by Alex Shvartsman
Pro Tour: Paris winner Mike Long faces off against Pro Tour: LA '99 finalist Chris Benafel in this round. The two played each other in the quarterfinals of PTLA, where Benafel ended up winning the close match. They have become good friends since, so their match was an interesting mixture of their extremely competitive natures balanced by the fact that the two were friends.
Benafel drafted a solid U/W/g deck with Rout, Fact or Fiction and some tappers. Long's deck was B/U/W, with a number of good cards like Stalking Assassin and Agonizing Demise. Benafel felt confident that his deck was superior or at least equal to Long's prior to the match.
Benafel opened the first game with a Dream Thrush, which Long answered by casting a Stalking Assassin. Assassin is not a fun card for a U/W/G strategy, which has very few ways of removing this creature. Benafel summoned a Benalish Lancer and attacked for one with the Thrush.
Long too the bait and tapped the Assassin on his turn to destroy Dream Thrush. Benafel was waiting for just that - on his own turn he cast Shackles, taking Assassin out of the picture for all intends and purposes.
A turn or two later Benafel cast Fact or Fiction, which yielded his MVP - a Rout. He got Rout and Ardent Soldier over Plains, Stormscape Apprentice and Darigaaz' Attendant, and still felt that Mike "threw in a freebie" by giving him the Soldier along with Rout.
At that point both players become extremely conservative. Long traded a Glimmering Angel for a Benalish Lancer in combat - normally a terrible trade, but neither player wanted to have many more creatures than the other in order to avoid Rout advantage. Benafel already had an advantage in that he could return Shackles to his hand before casting Rout, and Long wanted to be very careful to make sure Benafel's advantage did not become devastating.
Long did a great job pretending to play around Rout. In fact, he was simply mana-flooded. By the time the game ended, Long had drawn a total of twelve lands and ten spells! Benafel was actually holding back some creatures in his hand, but he never had to cast his Rout. Keeping just one creature ahead of Long, he won eventually by attacking for two points a turn.
The second game saw the two players trade some small creatures in a series of early skirmishes. Long got a tapper on the table and played a defensive game, while Benafel summoned several large creatures - an Alloy Golem, Wayfaring Giant and a Benalish Lancer.
Once Long had Benafel sufficiently committed, he dropped his bomb - the Stalking Assassin. Benafel did not have Shackles this time around, and Long was more than happy to trade some of his life total for an opportunity to slowly assassinate Benafel's team.
Eventually Benafel was forced to Rout just to reset the board. Long cast a Glimmering Angel and enchanted it with Strength of Unity, creating an unstoppable 5/5 flying monster. Several turns later, the two competitors were ready for game three.
With only about ten minutes left on the clock, Long sideboarded in four more Strength of Unities! His deck now had five Vodalian Zombies and five Strength of Unity. Long hoped to get an aggressive draw and try to win the game within the remaining time limit.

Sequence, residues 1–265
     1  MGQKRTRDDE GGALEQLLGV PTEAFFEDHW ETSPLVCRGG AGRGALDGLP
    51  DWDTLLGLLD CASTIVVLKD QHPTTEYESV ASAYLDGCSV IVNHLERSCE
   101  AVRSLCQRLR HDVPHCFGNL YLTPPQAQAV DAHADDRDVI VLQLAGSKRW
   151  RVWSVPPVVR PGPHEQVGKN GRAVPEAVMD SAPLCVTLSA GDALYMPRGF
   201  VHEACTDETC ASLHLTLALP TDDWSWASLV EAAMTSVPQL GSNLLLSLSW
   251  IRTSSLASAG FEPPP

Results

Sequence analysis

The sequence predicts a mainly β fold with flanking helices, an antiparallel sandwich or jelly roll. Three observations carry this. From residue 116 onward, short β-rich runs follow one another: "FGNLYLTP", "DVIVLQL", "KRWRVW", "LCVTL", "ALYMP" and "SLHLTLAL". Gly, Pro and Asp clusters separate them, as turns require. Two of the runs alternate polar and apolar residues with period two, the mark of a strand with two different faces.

It was Benafel who got a fast start though. He played out a ton of little creatures such as Spirit and Sky Weavers, Capashen Unicorn and Dream Thrush.
Long played a tapper, a Vodalian Zombie and then an Assassin! Once again, Benafel did not have Shackles so he went after the only option available to him - to try and outrace the Assassin by swarming Long.
The strategy worked pretty well. Although he was losing card economy, Benafel kept summoning more little guys - including a pair of tappers - and relentlessly reducing Long's life total.
Long was still in fairly good shape. He had enough life points left to stabilize and some more Vodalian Zombies in hand for when he drew his seventh land (he was using five mana every turn by activating Stormscape Apprentice and Stalking Assassin). At this point however, he made a mistake that almost cost him the game.
Benafel declared his attack step and Long used his tapper to tap Benafel's tapper. In response, Benafel used his own tapper's ability to remove one of the potential blockers. This allowed him to sneak an extra two points of damage, leaving Long at 4 life.
Time was called during that turn. Long could no longer win the game, but he could play to a draw by surviving two more attacks.
The situation on the board was very complicated - with multiple tappers and other creatures capable of producing effects relevant to the game. Benafel came extremely close to winning, but Long played these last few turns very carefully, and achieved board control when time was called. He was down to one life point against Benafel's twenty, but would most likely win the game if there was about five more minutes of time available to them. He now had three of his Zombies, a tapper and an Assassin in play to Benafel's Benalish Trapper and a Capashen Unicorn.
Although this match lacked impressive combat steps and flashy plays, it was nevertheless very interesting to watch. Two excellent players with relatively control-oriented decks out-maneuvered each other a number of times during this match, but in the end were only able to fight to a draw.
Final Result: Long 1 - Benafel 1